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Richard Quinn Mourns A Monarch

The SS23 collection saw 22 looks dedicated to the recently deceased Queen.

POSTEDBYPHOEBE COTTERELL

To those in the fashion know it came as no surprise when Richard Quinn chose to honour Queen Elizabeth II in his SS23 collection after her recent death at the age of 96. As the inaugural winner of the Queen Elizabeth II Award for British Design Quinn’s career skyrocketed after Lizzie herself attended his AW18 show sat in the FROW with fashion royalty Anna Wintour. This was the only fashion show the Queen ever attended making it one for the history books. 

Richard Quinn’s SS23 show was one of two parts, the first 22 out of 49 looks were made in the ten days between the show and the Queen’s death. Quinn, his core team of six and twenty showtime helpers worked tirelessly day and night to create the fantastical funeral-ready looks. When describing the process Quinn expressed it as “almost cathartic for us to put all our emotions of mourning into it”. 

As the show began archive footage of the Queen’s coronation played on a screen overlooking the show space and a slough of black bedazzled veils and crowns began their descent down the runway. Quinn took inspiration from previous royals in mourning ensembles, most notably Queen Victoria’s elaborate wardrobe. After the death of her husband, Prince Albert, Queen Victoria only wore black. Quinn also looked at how Princess Margret and Queen Liz dressed after the death of King George VI describing how he wanted the collection “to have that kind of real craftsmanship, the beauty of royalty, and try turn all the shapes and embroidery” that he does “into that idea of uniform dressing up they did when her father (King George VI) died”. Not only were the crowns reminiscent of the late Queen’s attire but so were belted coats and headscarves which echoed her Balmoral wardrobe and full-skirted gowns which conjured memories of when the once young monarch often adorned Norman Hartnell’s couture.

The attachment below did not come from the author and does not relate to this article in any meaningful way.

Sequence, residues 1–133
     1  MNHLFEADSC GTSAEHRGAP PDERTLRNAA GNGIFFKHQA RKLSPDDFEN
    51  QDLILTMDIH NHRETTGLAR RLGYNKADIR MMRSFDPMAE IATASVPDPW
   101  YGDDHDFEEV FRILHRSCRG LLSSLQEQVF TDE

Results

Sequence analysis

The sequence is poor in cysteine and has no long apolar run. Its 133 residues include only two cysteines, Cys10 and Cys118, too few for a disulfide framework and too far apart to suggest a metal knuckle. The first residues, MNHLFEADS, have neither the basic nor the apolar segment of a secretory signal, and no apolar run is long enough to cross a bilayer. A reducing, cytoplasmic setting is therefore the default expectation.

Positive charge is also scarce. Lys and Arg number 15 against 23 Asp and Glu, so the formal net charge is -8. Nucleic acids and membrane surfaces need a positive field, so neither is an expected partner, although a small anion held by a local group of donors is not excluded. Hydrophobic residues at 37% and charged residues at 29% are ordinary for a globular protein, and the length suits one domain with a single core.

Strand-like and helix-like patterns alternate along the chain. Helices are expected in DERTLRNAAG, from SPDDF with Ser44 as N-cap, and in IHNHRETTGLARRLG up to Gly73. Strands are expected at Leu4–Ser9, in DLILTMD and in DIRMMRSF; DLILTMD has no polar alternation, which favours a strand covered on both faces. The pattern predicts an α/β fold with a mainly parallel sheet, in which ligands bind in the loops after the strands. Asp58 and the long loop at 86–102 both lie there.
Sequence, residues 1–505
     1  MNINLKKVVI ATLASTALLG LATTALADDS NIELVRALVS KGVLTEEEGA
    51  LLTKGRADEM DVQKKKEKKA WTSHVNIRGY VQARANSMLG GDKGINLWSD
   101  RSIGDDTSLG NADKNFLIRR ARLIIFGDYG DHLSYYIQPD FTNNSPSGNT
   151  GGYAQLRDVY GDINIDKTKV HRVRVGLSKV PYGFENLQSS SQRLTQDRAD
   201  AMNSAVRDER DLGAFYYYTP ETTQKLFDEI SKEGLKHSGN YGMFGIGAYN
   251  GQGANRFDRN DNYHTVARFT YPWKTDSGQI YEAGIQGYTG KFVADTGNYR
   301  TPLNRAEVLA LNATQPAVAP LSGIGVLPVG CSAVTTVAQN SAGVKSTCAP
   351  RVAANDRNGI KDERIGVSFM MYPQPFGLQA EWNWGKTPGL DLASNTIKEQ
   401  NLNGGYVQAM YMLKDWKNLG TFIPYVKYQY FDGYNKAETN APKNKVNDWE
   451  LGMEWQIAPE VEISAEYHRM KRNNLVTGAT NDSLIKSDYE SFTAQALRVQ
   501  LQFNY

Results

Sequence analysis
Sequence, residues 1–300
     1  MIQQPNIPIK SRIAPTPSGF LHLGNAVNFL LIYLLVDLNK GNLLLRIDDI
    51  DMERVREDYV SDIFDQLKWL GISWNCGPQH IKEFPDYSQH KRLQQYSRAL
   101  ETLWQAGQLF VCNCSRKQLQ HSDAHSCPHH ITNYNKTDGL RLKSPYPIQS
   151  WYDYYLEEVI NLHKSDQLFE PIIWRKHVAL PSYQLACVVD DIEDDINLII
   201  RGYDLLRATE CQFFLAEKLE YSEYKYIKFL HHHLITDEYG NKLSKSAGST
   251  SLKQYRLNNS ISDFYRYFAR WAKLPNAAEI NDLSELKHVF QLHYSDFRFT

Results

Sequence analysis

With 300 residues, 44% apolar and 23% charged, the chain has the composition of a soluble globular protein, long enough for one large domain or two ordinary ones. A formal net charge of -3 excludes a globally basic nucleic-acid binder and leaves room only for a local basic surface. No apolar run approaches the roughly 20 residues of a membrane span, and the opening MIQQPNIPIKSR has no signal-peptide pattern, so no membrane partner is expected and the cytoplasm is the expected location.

The second part of the show – the show that had been intended- played on the concept of public surveillance with the footage of The Queen being replaced with live footage of the audience. Things began to brighten up with the introduction of colour into the collection through bulbous bodysuits and exquisite embroidery. A continuous theme throughout the clothes was a unique silhouette that ballooned from the waist up sand curving into exaggerated shoulders hiding the wearer's neck making the model's bodies look engulfed by flowery predators.

We saw some of the Richard Quinn house codes we have learned to know and love, such as signature floral coats and latex tights. We can’t imagine Queen Liz ever tried those tights out. There were campy candy clown styles in the form of feathers and polka dots which would’ve looked right at home on the Met Gala's 2019 pink carpet or at a Harry Styles concert. Marvellous oversized rose brooches smothered the side of the model's faces offering an elaborate way to hide a bad skin day.

During ‘London Fashion Week’ (LFW) designers like Simone Rocha and Harris Reed have been championing the traditional bridal gown to close out their shows, so what better way for Quinn to end LFW than with an effervescent white lace confection of veils and skirts? The beautiful bridal look channelled a message of hope and light after dark, tying together what started as a sombre collection into the swelling bloom of something new and sweet.

 

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